Getting from free radicals to psychosis: Animal research illuminates the link between the free radicals and the creation of symptoms. The free radicals impair the function of an enzyme that makes GABA and eventually kills the GABA interneurons (Sorce et al., 2010). In fact, alterations in chandelier cells, a type of GABAergic interneuron, have been identified in the brains of schizophrenics at autopsy (Lewis, 2011). The interneurons, when functioning properly, place a break on the release of glutamate and dopamine (Nakazawa et al., 2013, p. 8; Schwartz, Sachdeva, & Stahl, 2012; Sorce et al., 2010). The case for hallucinations being caused by excessive dopamine release in the Nucleus Accumbens is pretty strong (Nakazawa et al., 2013). Cocaine and amphetamines which increase levels of dopamine in the Nucleus Accumbens reliably cause psychotic symptoms, as anyone who works in emergency rooms knows.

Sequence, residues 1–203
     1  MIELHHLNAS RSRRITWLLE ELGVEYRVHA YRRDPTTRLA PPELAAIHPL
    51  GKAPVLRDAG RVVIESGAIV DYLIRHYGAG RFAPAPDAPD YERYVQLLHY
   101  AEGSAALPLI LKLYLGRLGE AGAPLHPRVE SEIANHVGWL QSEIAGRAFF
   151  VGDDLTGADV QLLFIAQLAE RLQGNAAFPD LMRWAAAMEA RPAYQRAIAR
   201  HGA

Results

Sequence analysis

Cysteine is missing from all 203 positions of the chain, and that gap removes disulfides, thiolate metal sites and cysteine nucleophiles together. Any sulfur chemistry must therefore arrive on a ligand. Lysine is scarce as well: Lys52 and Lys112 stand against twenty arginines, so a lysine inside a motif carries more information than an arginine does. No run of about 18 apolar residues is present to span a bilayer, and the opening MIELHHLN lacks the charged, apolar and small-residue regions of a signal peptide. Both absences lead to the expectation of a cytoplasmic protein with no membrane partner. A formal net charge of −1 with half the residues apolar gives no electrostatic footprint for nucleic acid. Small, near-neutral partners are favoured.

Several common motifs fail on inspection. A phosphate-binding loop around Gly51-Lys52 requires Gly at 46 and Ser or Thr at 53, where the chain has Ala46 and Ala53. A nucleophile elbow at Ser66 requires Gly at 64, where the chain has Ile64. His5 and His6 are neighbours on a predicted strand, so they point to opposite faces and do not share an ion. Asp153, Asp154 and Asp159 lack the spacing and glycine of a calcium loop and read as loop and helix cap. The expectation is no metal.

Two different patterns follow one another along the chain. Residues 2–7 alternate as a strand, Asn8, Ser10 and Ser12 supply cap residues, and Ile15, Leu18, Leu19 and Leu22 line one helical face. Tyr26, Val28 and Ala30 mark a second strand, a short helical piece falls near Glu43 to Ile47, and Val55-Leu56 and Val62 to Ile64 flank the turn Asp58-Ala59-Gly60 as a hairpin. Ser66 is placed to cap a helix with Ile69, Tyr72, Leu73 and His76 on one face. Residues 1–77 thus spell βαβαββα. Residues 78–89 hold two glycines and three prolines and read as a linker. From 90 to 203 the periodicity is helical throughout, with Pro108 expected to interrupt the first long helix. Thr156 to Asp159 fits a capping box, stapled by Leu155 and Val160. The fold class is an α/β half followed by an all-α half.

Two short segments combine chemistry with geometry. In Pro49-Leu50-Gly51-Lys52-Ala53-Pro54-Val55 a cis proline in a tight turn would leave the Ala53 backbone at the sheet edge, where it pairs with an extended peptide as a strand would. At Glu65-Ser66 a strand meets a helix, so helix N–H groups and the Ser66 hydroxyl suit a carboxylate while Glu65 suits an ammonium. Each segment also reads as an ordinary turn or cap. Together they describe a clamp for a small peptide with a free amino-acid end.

What the antipsychotic drugs do: Antipsychotic drugs displace dopamine from its receptor sites on the post-synaptic neuron. The signaling that dopamine would otherwise induce in the post-synaptic neuron does not occur. In the presence of the antipsychotic drug, the downstream effects of excessive dopamine, psychotic symptoms, are precluded. However, the damage to the cortex is not caused by the dopamine signaling; it is caused by free radical excess and in some theories inflammatory processes, which the antipsychotic drugs may fail to influence. The data on how antipsychotics influence oxidative stress is inconclusive and some have argued that the medications enhance oxidative stress (Ng et al., 2008; Mahadik, et al., 2006).